He said Victoria could see an increase in small claims court lawsuits because Texas is an at-fault state, requiring those at fault to pick up all the costs of an accident.

"Whatever the people state is going to become a major factor, but if someone is not telling us the 100 percent truth of how the situation happened, then it goes into, 'I said this, and you said that,' and that is where the arguments become bigger. I don't know how the adjusters are going to handle that situation," Gutierrez said.

Mark Hanna, spokesman for the Insurance Council of Texas, said the policy is unlikely to cause a spike in rates because it is becoming increasingly common for police departments to not respond to minor, non-injury accidents with recent budget cuts and staff shortages across the state.

"We are talking about minor accidents. We aren't talking about an awful lot of money. ... It could be a couple thousand pretty easily, but compared to a major accident where you have injuries, possibly fatalities, damage to both cars or more, that is when you start seeing rates affected," Hanna said.

He said the information needed for a minor accident -- the other party's phone number, address, insurance information and pictures -- can be collected by drivers themselves.

Some Texas cities of comparable size handle minor accidents, and some do not.

Missouri City Police Department, with a population of almost 70,000, also does not file a report for minor accidents, said dispatcher Beverly Watkins. She said the department has had the policy for more than 16 years, when she started, and dispatch can help tell people what information they need to get.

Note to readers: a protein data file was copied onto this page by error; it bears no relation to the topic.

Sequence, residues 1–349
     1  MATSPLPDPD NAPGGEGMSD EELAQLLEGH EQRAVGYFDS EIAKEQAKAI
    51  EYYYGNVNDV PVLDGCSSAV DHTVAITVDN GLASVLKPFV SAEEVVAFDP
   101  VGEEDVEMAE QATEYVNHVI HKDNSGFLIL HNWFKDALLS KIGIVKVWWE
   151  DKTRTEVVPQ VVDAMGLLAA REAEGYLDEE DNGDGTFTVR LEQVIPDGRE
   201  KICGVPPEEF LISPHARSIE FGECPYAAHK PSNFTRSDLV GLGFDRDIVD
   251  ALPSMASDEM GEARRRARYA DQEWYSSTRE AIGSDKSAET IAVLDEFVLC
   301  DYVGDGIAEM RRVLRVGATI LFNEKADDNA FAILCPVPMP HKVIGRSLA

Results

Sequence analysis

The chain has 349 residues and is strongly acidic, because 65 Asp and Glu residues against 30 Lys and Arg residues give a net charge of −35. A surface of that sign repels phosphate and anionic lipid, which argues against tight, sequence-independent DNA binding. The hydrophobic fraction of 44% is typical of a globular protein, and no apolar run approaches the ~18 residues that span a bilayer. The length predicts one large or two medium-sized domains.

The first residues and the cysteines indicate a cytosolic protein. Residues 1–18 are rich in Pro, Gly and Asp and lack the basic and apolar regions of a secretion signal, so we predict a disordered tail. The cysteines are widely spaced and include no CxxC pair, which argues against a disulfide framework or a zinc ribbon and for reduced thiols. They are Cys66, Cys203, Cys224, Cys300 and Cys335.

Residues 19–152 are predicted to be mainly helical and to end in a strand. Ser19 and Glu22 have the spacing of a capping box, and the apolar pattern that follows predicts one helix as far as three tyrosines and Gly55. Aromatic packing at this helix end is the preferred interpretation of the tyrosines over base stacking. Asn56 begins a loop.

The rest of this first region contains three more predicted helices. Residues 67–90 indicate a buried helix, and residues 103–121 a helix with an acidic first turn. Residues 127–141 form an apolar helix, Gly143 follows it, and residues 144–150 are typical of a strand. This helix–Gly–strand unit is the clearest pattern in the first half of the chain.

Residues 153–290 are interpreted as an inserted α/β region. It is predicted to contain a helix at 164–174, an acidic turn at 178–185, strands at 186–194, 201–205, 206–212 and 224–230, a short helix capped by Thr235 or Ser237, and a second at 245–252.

Craig said Victoria dispatch will also be able to help drivers get the necessary information.

The Galveston Police Department, with a population of almost 50,000, responds to and files a report for all accidents, even if there is little damage.

"Our policy has always been that we always investigate them. When people are involved in accidents, typically their emotions can be elevated," said Bryon Frankland, Galveston operations bureau commander, adding that having an officer present keeps tempers from flaring and fights from erupting.

Emett Alvarez, Victoria City councilman from District 1, said he wants the department to try the new policy, hoping it will free officers to be more offensive against crime in the city.

"I think he is going after the bigger problem in that respect," Alvarez said of the chief. "However, I think we also need to be very careful about this, even if it is done in bigger cities. . After six months, if it is not working, and we get a lot of complaints or concerns and the public is not satisfied, then we should revisit it and discuss the policy again."

Jade Hoffman, a student at the University of Houston-Victoria, said she thinks the policy is a disservice to Victoria residents.

She was in a minor accident in front of Point Royale Apartments in late February and did not call the police. Afterward, she said, the other party lied to the insurance company, causing her to foot the bill.

"The lady, she was really nice, so I trusted her. ... And then all of a sudden, she lied to her insurance company and quit answering her phone. That is what is sad - I thought I could trust her, but no," Hoffman said.

A $500 deductible and three weeks later, Hoffman said she got her car back with her own insurance covering the costs for the damage.

"I wish I would have called the police because now I know better," she said. "But, now, with this new policy, it isn't going to matter anyway."